Last Updated on May 11, 2015, by eNotes Editorial. Word Count: 680
Sexism “Island of the Three Marias” presents the male desire for the opposite sex as an inherently destructive drive which often results in contempt for females. This expression of this contempt is sometimes referred to as misogyny, which means hatred of women. Each of the three men described displays either...
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“Island of the Three Marias” presents the male desire for the opposite sex as an inherently destructive drive which often results in contempt for females. This expression of this contempt is sometimes referred to as misogyny, which means hatred of women. Each of the three men described displays either implicit or overt loathing for females. Faustino pimps for Mrs. Marez, securing the “too young man” for her pleasure; the “too young man,” who tellingly calls his pain “wife,” calls Mrs. Marez a “whore” after she leaves; and the man in the suit, who takes the (to him) macho name Fresco Peach, never tells his name to a woman. Apart from Mrs. Marez, the other women in the poem are “the pale nuns of St. Joseph,” who the speaker says “will not be women” on the island, presumably because they will not have relations with men. Such a conventional notion of what makes a woman a woman, while not misogynistic, per se, nevertheless perpetuates a stereotypical image of female identity, an image based on what women can do for men.
“Island of the Three Marias,” a poem about the desires of men who live in a penal colony, questions the idea that prisons can be places of rehabilitation where criminals can atone for their mistakes and remake themselves. Ríos presents the missionaries as largely ineffectual, saying that “they will be leaving soon without scars,” underscoring the scarring that occurs to those who stay on the island. The fact that no one, not even the nuns, asks why the other islands are ignored suggests that those on the island are resigned to their fates, even the “white nuns / not in a Christian place.”
Echoing the idea of scarring, Ríos draws attention to the history of the islands, writing that they are “inherited from the lepers who decomposed.” Christian missionaries have a tradition of working with lepers whom society has shunned. Leprosy, primarily a tropical disease, is chronic but it is not easily transmitted, as is the popular belief. Nor does the disease cause the skin to fall off. Ríos, however, plays off both of these images to suggest the similarity between lepers and criminals. In the Old Testament of the Bible lepers are the unclean whom God is punishing for their sins. Similarly, the inhabitants of Maria Madre are being punished for their wrongs, but not by God. By focusing on details or events which show how the men have not changed, Ríos explicitly questions the usefulness of religion in the prisoners’ lives.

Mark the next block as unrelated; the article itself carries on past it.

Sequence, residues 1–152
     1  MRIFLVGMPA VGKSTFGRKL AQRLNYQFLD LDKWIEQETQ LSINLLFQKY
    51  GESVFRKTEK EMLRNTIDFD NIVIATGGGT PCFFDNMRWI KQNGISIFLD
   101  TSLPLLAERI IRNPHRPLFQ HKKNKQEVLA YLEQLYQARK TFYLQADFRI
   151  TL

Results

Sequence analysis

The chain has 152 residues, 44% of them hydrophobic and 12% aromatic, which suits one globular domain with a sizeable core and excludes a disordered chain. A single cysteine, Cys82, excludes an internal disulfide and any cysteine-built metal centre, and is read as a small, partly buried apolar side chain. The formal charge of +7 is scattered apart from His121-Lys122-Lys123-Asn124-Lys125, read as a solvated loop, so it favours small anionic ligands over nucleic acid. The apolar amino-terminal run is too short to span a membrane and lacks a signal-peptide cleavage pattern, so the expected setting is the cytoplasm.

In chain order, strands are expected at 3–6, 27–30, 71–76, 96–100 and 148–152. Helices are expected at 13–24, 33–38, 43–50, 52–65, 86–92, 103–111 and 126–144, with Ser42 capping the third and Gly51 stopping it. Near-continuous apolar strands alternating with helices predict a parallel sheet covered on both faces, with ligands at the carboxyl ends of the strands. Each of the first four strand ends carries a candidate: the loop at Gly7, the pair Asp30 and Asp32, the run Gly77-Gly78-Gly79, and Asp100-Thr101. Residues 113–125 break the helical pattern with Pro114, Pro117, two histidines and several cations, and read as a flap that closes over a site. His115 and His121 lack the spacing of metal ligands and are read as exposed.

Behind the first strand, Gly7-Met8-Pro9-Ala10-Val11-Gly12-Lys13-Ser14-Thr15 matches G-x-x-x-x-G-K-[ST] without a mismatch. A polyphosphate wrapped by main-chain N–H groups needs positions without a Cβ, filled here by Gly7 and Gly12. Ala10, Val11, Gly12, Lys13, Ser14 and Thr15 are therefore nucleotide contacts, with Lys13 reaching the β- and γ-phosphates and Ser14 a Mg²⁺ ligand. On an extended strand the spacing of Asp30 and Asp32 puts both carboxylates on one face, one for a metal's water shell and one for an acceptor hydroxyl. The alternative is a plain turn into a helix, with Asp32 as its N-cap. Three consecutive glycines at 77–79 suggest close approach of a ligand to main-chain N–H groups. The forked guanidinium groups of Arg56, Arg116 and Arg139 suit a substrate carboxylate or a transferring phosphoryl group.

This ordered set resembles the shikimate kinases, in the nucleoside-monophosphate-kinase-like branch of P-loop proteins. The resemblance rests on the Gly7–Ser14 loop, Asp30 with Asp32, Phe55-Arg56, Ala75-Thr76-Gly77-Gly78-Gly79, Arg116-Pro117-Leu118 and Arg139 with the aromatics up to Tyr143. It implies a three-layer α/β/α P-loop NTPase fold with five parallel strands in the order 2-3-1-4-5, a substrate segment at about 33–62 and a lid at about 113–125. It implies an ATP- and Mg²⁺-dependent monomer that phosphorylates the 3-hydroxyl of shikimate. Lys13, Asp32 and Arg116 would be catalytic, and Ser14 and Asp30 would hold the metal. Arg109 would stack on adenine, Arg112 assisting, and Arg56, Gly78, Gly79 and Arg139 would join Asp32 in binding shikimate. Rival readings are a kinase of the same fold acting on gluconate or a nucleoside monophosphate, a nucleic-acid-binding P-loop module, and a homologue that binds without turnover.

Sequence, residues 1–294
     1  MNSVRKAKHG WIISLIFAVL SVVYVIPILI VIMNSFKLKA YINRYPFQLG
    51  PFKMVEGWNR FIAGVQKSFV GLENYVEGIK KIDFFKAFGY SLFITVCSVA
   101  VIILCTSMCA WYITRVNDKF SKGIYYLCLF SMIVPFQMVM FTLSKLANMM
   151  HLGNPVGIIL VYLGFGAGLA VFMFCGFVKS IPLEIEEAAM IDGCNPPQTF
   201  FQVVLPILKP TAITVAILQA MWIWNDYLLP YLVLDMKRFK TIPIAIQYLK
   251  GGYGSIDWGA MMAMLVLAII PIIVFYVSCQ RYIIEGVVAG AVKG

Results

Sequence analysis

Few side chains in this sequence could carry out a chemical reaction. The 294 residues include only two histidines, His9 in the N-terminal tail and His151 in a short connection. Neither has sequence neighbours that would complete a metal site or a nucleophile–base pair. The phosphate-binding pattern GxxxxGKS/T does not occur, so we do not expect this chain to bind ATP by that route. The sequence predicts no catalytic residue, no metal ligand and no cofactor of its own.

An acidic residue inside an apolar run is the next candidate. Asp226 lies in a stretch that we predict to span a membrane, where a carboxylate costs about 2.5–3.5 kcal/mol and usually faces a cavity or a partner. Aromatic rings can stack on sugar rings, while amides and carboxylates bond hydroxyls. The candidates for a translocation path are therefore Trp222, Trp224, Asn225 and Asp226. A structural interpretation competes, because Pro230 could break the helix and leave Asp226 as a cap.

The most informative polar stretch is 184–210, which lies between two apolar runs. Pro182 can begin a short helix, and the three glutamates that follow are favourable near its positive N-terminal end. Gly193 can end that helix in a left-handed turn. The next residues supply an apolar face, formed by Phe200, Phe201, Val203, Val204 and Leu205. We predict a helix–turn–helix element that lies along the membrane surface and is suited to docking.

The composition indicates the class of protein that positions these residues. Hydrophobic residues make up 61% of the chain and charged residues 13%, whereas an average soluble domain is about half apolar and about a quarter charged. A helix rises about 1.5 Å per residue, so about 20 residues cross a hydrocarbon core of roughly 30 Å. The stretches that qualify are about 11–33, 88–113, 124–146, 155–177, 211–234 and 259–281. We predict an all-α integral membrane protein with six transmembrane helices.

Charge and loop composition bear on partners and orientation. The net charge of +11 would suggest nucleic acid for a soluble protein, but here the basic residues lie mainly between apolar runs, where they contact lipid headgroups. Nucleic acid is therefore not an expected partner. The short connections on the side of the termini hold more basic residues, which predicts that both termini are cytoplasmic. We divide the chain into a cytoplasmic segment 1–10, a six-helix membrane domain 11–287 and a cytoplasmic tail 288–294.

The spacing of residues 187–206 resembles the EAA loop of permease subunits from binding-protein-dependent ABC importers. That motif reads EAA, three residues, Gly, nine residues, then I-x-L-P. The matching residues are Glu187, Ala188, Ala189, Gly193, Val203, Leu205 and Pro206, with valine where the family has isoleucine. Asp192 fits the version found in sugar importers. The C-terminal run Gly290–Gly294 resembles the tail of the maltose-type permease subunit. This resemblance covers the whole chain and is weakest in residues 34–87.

Alienation and Loneliness
“Island of the Three Marias” uses the setting of a Mexican federal prison to explore the idea of humanity’s alienation, one of the primary features of modern society. Ríos does this by presenting a contradiction at the heart of Western legal systems: although people are imprisoned ostensibly to “pay back” society for their wrongs, they very often become more alienated from society and themselves as a result of their time in prison. Ríos emphasizes the futility of prison as a place for rehabilitation in his description of Faustino, whose “punishment” is his family making a living. The Islas Marias Federal Prison is unique in that prisoners do not live behind bars but in eleven communities throughout the island and work regular jobs. Prisoners on good behavior are allowed to bring their families to live with them during their incarceration.
The young man described in the third stanza is the most manifestly alienated, even from himself, showing signs of mental illness when he cannot distinguish the source of his own laughter. The “man in the suit” simply “does not care” and has given up trying to be a part of society, even on the prison island. Ríos makes plain the symbol of the island as a place of alienation and loneliness by linking it historically to lepers, “who decomposed.” The unremitting bleakness of the men’s lives and the fact that even the nuns cannot offer solace emphasize the failure of the prison to change the men.